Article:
Part of why I conduct the first round of interviews is to pre-filter candidates for someone both qualified to do the job and whose unique perspective would best complement the team and overall company dynamics. Rather than setting a bunch of uncomfortable rules for my leadership teams, I am purposeful about every hire and consider how to bring in as many people as possible representing different ages, genders and any other diverse traits within and across teams as I can. As a result, our team represents almost every type of diversity.

The secret sauce, however, is not diversity for diversity’s sake — it is hiring to find a culture fit. I would never bring in an older person who thought young people were incompetent, nor a young person who thought older people were out of touch — both would struggle on an age-diverse team. Even when I try to hire age-diverse candidates, they also have to show a desire to collaborate and be a team player. As long as we share a purpose, goal and common interest, that diversity benefits everyone. Leverage diverse recruitment channels to draw out a broad age range of candidates and ensure hiring managers consider the existing team makeup and what degree of experience would make them better.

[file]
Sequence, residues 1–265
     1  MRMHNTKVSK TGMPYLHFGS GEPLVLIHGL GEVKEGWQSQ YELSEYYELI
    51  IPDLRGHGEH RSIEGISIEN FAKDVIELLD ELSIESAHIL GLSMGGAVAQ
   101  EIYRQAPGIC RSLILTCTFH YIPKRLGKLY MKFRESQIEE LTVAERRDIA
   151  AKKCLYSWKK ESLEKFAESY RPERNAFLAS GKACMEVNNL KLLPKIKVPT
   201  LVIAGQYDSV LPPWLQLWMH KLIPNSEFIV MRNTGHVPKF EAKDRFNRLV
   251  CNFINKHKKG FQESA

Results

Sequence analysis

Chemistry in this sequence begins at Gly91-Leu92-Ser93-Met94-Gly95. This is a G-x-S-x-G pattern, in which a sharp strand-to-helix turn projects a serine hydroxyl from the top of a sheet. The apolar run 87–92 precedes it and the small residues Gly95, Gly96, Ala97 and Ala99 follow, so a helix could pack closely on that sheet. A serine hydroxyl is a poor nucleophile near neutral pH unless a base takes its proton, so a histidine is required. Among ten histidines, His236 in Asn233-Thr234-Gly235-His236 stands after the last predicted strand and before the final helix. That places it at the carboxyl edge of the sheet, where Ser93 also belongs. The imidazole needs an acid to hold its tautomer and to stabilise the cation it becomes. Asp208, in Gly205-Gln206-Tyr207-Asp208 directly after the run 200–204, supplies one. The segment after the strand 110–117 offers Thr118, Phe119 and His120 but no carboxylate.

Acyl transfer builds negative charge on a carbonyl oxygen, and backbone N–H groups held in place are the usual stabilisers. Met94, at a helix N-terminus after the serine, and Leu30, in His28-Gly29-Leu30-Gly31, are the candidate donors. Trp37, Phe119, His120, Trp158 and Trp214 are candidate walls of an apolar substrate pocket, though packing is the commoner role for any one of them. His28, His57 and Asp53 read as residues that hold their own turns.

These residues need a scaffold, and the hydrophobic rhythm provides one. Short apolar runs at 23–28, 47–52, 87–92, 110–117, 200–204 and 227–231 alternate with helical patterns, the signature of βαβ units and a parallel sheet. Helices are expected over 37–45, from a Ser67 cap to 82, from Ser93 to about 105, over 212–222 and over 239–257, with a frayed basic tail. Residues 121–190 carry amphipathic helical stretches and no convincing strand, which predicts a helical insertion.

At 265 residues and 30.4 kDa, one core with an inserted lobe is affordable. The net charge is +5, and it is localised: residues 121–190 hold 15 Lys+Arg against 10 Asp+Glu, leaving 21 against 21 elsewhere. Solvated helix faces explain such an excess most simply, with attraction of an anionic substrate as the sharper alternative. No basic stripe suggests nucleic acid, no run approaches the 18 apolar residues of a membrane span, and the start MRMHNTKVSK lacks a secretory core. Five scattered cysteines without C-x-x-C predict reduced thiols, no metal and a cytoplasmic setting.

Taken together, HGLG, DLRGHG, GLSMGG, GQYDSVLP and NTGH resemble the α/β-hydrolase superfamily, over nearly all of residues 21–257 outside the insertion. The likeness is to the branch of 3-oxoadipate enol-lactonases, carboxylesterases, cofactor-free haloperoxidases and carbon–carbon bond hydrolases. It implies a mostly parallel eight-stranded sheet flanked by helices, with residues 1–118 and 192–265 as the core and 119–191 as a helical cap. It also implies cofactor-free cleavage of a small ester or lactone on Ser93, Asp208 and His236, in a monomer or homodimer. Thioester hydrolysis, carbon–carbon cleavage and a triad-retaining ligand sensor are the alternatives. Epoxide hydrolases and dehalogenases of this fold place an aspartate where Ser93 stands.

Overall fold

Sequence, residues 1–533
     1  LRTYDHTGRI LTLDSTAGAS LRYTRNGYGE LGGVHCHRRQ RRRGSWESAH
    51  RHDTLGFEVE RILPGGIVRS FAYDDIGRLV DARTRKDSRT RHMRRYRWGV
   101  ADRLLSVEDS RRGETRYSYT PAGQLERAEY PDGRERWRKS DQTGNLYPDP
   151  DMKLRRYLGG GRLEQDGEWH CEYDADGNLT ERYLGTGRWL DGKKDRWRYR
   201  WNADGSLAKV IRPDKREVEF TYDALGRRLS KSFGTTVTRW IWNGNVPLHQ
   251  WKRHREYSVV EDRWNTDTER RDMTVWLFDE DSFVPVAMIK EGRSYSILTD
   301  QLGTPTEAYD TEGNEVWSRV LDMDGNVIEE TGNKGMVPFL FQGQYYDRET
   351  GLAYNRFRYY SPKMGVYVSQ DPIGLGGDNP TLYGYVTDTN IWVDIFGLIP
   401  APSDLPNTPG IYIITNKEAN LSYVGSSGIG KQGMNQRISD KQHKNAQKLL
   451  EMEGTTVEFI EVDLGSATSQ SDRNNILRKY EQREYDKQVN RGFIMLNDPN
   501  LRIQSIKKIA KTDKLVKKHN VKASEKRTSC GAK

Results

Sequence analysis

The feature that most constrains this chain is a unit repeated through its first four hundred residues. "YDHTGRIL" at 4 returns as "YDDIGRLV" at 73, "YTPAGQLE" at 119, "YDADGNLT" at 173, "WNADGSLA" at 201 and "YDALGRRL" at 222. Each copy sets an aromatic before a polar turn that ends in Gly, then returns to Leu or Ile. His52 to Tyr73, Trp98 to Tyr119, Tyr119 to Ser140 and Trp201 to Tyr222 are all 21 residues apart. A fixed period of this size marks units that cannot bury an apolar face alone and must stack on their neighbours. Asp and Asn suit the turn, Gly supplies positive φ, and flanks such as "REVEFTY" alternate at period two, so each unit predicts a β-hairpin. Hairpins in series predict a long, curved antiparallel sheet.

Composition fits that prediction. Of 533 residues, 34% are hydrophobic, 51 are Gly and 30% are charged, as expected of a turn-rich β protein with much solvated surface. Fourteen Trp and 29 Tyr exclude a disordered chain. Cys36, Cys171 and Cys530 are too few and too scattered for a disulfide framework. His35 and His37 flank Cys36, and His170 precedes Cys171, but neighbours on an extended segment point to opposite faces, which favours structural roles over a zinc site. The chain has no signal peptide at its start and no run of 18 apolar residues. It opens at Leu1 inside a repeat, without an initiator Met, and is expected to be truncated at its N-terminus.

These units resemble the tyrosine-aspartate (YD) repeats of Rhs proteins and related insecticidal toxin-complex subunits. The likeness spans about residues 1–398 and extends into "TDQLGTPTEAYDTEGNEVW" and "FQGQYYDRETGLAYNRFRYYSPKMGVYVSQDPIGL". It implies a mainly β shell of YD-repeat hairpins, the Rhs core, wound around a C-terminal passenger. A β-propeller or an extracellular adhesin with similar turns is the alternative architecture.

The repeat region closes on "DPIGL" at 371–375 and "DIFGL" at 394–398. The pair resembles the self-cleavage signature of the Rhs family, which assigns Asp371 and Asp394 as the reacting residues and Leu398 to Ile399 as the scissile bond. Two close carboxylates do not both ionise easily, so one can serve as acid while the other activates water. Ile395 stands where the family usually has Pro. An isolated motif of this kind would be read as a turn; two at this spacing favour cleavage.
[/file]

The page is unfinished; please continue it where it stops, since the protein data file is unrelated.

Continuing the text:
Hire for relationships

Twenty years ago, I hired fewer 50-year-olds to join me at my first startup than I have at my company today. At the time, my existing relationships were largely with other 20- and 30-year-olds, and I tended to hire people I already knew. Even back then, I understood the power of strong relationships in business. Researchers have found that high-quality workplace relationships between leaders and their staff improved commitment, and that leaders who prioritize employee relationships are more successful.